Norco are as Canadian as maple syrup-covered Mounties. Starting out as a small family business in British Columbia in 1964, the company has been Canadian-owned and operated for over fifty years, and the people who work there these days maintain the family feel. Norco’s bikes are infused with passion for the mountains and lakes that Canada’s North Shore is famous for, and which are a few minutes’ ride from their offices just outside Vancouver.
While these days the brand is pretty well-known for its mountain bikes, it was on the road that Norco first made its name, sponsoring road racing teams through the ’60s and ’70s, before BMX took over as the brand’s bread and butter market throughout the ’80s. With the 1990s, though, came mountain biking, and Norco were right in the mix, experimenting with dual suspension in 1993, before releasing a Horst link duallie in 1995 and their first VPS model in 1998.
Full suspension mountain bikes are still a major part of their offering in 2016, and with all those years of practice, it’s little surprise that they’re tuned into the needs of the market, with a complete range of duallies available (including fantastic kids’ models down to 20” wheel sizes). At the dealer show MarathonMTB.com attended, bike shop owners from around Australia were wowed by the fabulous co-ordinated paintwork in the full suspension range. Bikes splashed with bright fuchsia, bottle green, cyan, and tangerine shades set off against matte black would certainly brighten up any shop floor – let alone your garage.
But it’s one bike in particular that MarathonMTB.com were interested in. The Norco Revolver 9.1 and 9.2 are the brand’s 100mm XC/trail duallies. Built around a nicely-shaped full carbon frame and weighing in at very competitive numbers, these machines are likely to interest marathon racers and XCO whippets around the world.
MarathonMTB.com tested the Norco 9.2 FS, which is the same carbon mainframe as the 9.1 FS but specced just that one step down from 9.1’s featherweight bling (which, we’re told, weighs in at around 9.5kg when fully built).
During an extensive design and testing phase the folks at Norco stiffened the back end of the Revolver FS, which uses the standard 142×12 spacing, while lengthening the top tube and incorporating their A.R.T (Advanced Ride Technology) Horst link pivot. With more progressive leverage ratio, this design, in a nutshell, increases the stiffness of the suspension the further you sink into your travel, giving a more tuneable setup and the illusion of more travel. The frame also features a press fit BB shell, and internal cable routing with custom ‘Gizmo’ guides to stop rattling and keep dirt and water out of your frame, and, of course, internal routing for a dropper post.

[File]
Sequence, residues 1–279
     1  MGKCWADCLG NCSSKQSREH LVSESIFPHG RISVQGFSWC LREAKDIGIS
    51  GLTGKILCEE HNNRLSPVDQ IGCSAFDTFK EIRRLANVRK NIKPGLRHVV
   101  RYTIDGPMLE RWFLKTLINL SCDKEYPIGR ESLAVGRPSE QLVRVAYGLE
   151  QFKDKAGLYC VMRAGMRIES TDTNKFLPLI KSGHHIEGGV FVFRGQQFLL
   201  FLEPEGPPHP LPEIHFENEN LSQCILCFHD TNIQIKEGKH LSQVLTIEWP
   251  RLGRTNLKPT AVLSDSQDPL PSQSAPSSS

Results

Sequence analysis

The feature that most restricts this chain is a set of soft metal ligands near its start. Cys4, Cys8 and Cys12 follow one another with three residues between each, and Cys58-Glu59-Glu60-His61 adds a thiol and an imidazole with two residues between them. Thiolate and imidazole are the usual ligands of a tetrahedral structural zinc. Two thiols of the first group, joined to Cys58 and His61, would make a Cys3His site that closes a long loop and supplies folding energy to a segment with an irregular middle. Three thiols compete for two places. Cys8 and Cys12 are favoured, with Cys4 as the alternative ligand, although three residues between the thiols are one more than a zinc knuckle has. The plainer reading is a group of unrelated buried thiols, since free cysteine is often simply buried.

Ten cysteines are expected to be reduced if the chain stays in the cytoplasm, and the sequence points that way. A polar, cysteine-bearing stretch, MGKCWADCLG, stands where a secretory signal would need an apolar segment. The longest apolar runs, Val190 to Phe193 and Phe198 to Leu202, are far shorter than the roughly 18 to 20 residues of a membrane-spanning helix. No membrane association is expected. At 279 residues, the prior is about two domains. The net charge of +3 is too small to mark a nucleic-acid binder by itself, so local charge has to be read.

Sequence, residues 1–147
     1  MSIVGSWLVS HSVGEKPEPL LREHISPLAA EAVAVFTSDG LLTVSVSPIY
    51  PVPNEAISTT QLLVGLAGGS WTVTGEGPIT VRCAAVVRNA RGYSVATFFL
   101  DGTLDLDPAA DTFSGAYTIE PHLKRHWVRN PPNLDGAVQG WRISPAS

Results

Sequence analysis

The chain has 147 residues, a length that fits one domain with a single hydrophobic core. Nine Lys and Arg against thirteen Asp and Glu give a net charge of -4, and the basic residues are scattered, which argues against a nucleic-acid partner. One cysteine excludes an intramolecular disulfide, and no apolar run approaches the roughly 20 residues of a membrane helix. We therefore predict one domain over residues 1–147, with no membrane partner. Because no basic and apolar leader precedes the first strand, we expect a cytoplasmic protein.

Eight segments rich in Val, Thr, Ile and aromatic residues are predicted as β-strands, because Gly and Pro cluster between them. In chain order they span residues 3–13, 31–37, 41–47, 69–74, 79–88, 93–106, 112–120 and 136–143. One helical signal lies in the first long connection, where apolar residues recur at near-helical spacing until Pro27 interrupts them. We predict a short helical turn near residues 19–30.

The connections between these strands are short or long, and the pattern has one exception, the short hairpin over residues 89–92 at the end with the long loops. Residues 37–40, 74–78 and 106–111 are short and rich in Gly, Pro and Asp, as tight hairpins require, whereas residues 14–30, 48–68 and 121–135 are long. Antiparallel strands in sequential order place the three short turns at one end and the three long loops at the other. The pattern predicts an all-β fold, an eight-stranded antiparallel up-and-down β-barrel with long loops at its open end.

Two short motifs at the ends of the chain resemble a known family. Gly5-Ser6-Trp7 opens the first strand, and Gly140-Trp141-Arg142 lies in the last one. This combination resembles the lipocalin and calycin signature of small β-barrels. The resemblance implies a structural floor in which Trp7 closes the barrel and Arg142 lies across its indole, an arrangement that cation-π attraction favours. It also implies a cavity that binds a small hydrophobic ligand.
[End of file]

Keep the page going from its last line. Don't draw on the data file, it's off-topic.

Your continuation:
Also handy for XCM racers and those long training rides is a second water bottle cage mount on the bottom of the downtube. It’s a bit awkward to get to but arguably better than riding with a hydration pack, and a rare addition to this style of bike.
The Revolver FS is available in four sizes: small, medium, large, and extra-large, and for each model vital geometry, including head angle and chainstay length, grows proportionally with frame size. Norco’s ‘size-scaled tubing’ means that riders of different sizes don’t have to compromise on handling, which is adjusted to fit in with all-over frame size. The Norcos feature a tight back-end (although they don’t use the new Boost sizing, which can produce even shorter stays), a 330mm bottom bracket height, aggressive head angle, and a short stem (the medium comes specced with a 70mm stem) – all of which contribute to great agility and responsive steering. These are teamed with a reasonably long top tube and wheelbase, as well as wide handlebars (740mm for the medium – about what you’d expect on a trail bike), which contribute stability and high-speed control.
The overall effect is a bike that climbs like a rocket and descends like a relaxed trail bike – a smart and long-overdue ride feel given the increasingly technical nature of XCO and XCM events around the world, combined with their usual power-to-weight demands. The full-suspension Norco Revolvers caused a great stir of excitement when we tested them earlier this year and are sure to garner a lot of attention at their launch at Eurobike as well.
The Revolver FS frame has been really thoughtfully designed and Norco undertook a long prototyping period to produce incredibly contemporary geometry, whose fantastic handling and responsiveness in an 1880g package proves that the 29er dual-sus race bike has finally come of age.